>>>     Just as a traditional manufacturer would pay less tax by
>>>     becoming "greener," the software manufacturer would pay less
>>>     tax for producing "cleaner" code, [...]
>> And all of this completely ignores the $0 software "market".  Who
>> gets hit with tax when a bug is found in, say, the Linux kernel?
> [T]f we grant that [the idea is] appropriate for for-fee software,
> it's easy decide what happens with free software - though you won't
> like the answer:  The user of the software pays anyway.

Well, it's full of enforcement issues; with for-pay, the point of sale
is a comparatively well-regulated point at which taxes can be applied,
but there is no such convenient choke-point for gratuit software.  How
would you even *find* all the relevant users?

Also, in the open-source world, people mix-and-match software to a
degree not seen in the closed-source world.  Does everyone who ever
downloaded a copy pay?  Everyone who's still running it?  Everyone who
ever ran it?  What about people who fixed the relevant bug themselves?

The only answers I can see are (1) to completely forbid software
sharing between end users, even when it's not against copyright law, or
(2) a massive DRM-style invasion of everyone's machines, so as to
report exactly what software they're running to some enforcement
authority.  I can't see either one flying.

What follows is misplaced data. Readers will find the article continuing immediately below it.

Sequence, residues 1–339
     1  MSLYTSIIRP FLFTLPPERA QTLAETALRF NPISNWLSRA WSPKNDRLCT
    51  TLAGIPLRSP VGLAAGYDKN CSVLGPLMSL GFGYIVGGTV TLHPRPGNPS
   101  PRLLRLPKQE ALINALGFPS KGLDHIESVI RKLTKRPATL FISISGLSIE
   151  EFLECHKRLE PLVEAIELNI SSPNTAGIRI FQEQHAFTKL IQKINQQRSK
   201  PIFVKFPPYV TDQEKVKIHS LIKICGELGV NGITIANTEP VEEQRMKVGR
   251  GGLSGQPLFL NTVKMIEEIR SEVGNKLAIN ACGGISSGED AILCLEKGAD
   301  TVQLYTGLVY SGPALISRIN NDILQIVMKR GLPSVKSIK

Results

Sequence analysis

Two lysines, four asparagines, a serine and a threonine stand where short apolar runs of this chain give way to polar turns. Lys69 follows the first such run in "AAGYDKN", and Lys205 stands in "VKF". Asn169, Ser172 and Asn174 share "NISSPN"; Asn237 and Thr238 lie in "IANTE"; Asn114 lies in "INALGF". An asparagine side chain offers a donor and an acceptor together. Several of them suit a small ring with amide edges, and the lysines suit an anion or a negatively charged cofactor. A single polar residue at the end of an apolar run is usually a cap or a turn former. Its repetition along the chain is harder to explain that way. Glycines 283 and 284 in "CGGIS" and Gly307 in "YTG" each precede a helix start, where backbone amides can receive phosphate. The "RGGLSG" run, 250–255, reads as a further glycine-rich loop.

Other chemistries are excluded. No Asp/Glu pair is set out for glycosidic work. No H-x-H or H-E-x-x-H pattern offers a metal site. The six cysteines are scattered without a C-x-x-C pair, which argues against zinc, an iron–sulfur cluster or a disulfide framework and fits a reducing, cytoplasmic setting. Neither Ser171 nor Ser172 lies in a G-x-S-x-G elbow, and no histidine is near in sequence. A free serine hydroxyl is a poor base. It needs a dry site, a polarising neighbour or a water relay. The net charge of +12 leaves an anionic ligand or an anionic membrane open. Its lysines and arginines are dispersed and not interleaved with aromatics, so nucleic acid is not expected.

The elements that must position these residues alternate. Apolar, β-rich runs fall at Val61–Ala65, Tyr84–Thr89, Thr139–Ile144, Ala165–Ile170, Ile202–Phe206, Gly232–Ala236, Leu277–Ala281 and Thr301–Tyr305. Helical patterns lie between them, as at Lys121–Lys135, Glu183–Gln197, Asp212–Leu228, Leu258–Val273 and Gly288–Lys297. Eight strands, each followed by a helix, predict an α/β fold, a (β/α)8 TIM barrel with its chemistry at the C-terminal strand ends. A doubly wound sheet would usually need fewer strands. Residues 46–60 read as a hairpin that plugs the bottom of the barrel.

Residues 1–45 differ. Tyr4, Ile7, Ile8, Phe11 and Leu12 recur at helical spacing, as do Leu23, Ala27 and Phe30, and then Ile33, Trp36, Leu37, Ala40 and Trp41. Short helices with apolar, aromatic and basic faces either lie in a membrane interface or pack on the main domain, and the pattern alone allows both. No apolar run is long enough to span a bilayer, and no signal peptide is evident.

And, incidentally, why would you think I wouldn't like that answer?  As
far as I know I'm not under any jurisdiction considering such a stupid
idea (yes, I consider it stupid), and if some other jurisdiction wants
to break their software industry that badly, it's their lookout.

> The argument the author is making is that security problems impose
> costs on *everyone*, not just on the party running the software.
> [...externalities...]
> Imposing a tax is the classic economic answer to such a market
> failure.  The tax's purpose is (theoretically) to transfer the
> externalized costs back to those who are in a position to respond.
> In theory, the cost for security problems - real or simply possible;
> we have to go with the latter because by the time we know about the
> former it's very late in the game -

So?  Why is that a problem?  It seems to me that someone who runs, say,
Windows, with all its horrible security record, in such a way as to not
cause a problem (this is not a hypothetical case), should not be taxed,
because that user is not imposing any externalized costs on the world
at large.

There's a problem finding everyone who's offended, but it's no worse
than the problems of finding all users of a piece of gratuit software.

> should be born by those who develop the buggy code, and by those who
> choose to use it.

I can argue both ways wrt imposing it on the developers.  Often enough,
the bugs are not bugs, but rather an end user misapplying software.
I've often enough written software that was perfectly fine in its
intended application but, if misapplied, could be a risk.

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